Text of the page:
Tommy Thompson Needs To Do More Than Apologize
To deal with the uproar he caused with his ignorant portrayal of Judaism, Tommy needs to study religious and civil history.
His Washington, DC comments, widely reported by the Associated Press this way - - "I didn't (by) any means want to infer or imply anything about Jews and finances. ... What I was referring to ... is the accomplishments of the Jewish religion" - - indicate that Tommy doesn't understand that:
a) Historically, Jews were often forbidden legally from owning land or holding certain jobs, thus pushing or requiring them to engage in onerous money-lending or tax collecting.
b) Christians, on the other hand, were forbidden to engage in money-lending, setting up conflict with the Jews who did handle money and finance.
c) From England to Eastern Europe, these discriminatory laws and practices ostracized Jews in their communities. And resulted in violent anti-semitism, hangings, pogroms and also to the 19th century exodus from Europe by many Jewish families.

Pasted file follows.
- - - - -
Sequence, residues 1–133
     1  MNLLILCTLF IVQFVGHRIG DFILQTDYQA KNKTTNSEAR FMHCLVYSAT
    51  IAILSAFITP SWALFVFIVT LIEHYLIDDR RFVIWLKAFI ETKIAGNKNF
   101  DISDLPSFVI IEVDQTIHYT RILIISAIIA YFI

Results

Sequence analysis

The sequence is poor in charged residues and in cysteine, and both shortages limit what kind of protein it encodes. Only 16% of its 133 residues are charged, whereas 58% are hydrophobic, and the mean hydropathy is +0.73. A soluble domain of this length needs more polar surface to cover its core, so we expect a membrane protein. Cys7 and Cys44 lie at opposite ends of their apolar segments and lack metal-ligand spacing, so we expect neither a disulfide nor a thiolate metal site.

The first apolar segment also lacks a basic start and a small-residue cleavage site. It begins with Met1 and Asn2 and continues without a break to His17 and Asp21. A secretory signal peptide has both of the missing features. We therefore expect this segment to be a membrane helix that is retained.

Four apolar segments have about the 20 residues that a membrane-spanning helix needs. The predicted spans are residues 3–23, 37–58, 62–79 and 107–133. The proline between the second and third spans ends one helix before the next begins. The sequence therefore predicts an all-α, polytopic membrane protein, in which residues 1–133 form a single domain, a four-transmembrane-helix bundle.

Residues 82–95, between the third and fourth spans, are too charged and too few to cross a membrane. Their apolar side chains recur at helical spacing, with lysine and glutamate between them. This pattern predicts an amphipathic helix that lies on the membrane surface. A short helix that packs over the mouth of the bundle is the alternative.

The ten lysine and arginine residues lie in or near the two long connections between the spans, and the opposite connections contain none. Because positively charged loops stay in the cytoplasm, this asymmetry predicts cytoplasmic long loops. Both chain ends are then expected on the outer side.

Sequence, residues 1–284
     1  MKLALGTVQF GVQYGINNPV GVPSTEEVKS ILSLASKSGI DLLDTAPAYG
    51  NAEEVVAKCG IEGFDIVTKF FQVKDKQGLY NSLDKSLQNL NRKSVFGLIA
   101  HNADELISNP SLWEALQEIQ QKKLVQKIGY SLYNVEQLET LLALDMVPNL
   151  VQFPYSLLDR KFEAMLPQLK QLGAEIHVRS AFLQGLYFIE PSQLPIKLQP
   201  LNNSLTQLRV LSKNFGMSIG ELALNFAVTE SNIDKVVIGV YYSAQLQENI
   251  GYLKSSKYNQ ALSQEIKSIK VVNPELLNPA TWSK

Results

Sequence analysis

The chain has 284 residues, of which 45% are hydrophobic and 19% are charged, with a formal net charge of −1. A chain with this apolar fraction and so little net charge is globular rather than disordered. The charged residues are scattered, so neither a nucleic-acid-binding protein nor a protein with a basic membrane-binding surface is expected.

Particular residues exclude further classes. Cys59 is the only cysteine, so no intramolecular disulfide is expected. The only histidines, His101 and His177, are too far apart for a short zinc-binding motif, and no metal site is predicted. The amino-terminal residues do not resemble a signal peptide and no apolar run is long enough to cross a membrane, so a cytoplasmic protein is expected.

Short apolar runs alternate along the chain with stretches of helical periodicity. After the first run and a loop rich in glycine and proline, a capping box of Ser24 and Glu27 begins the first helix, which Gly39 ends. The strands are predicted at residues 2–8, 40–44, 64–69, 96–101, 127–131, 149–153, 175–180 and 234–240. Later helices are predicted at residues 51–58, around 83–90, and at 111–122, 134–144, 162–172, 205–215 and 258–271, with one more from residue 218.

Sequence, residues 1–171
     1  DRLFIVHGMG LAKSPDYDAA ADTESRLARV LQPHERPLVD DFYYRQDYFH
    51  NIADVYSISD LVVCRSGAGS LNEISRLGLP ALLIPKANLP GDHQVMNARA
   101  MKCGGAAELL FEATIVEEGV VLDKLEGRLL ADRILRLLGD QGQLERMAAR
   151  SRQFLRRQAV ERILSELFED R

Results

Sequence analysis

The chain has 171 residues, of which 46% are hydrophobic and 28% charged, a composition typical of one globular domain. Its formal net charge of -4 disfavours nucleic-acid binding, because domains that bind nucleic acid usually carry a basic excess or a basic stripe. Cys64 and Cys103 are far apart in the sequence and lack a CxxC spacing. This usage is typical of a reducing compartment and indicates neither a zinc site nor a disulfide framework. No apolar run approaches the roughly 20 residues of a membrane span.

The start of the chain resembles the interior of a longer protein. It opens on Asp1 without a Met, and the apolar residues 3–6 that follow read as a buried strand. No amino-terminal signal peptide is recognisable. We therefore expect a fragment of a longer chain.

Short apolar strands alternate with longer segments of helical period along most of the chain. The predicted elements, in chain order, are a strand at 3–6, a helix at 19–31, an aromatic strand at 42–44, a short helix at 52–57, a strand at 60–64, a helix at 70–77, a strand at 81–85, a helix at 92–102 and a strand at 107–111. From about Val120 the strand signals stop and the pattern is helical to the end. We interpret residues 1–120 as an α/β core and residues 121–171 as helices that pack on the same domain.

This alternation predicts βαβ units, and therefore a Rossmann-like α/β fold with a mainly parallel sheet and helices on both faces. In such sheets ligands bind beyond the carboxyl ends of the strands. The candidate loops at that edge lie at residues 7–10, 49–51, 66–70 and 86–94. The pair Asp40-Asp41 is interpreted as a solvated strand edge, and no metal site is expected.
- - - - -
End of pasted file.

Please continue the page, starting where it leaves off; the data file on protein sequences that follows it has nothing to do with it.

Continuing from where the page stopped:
Their descendants make up much of today's American Jewish population, including many people in Wisconsin. Like me.
I am embarrassed that our former Governor doesn't have a modicum of historical understanding about how great religions and civil society and law and fear have interacted, and about how discrimination developes. and lingers today.
Tommy is never going to be President. His run for the presidency is an ego trip, on a par with retirees who go to baseball fantasy camp and put on the uniform and imagine they are in the big leagues.
But if Tommy was auditioning for the vice-presidency, or appointment to a cabinet position or a judgeship, that's now out the window.
Which would give him the free time he needs to catch up on his religious and world history, and get to know his Jewish constituents and the world he lives in a little better.
Having been "invisible" among Thompson cronies many, many years back when I was a work-study student in Madison (they never paid too much attention to the photographer or go-fer in the room), I found these sorts of casual, matter-of-fact remarks - - and follow-up "not that there's anything wrong with that" clarifications - - to be fairly common occurrences among "the boys."
I'm not surprised at Thompson's verbal gaffe or the clumsy apology.
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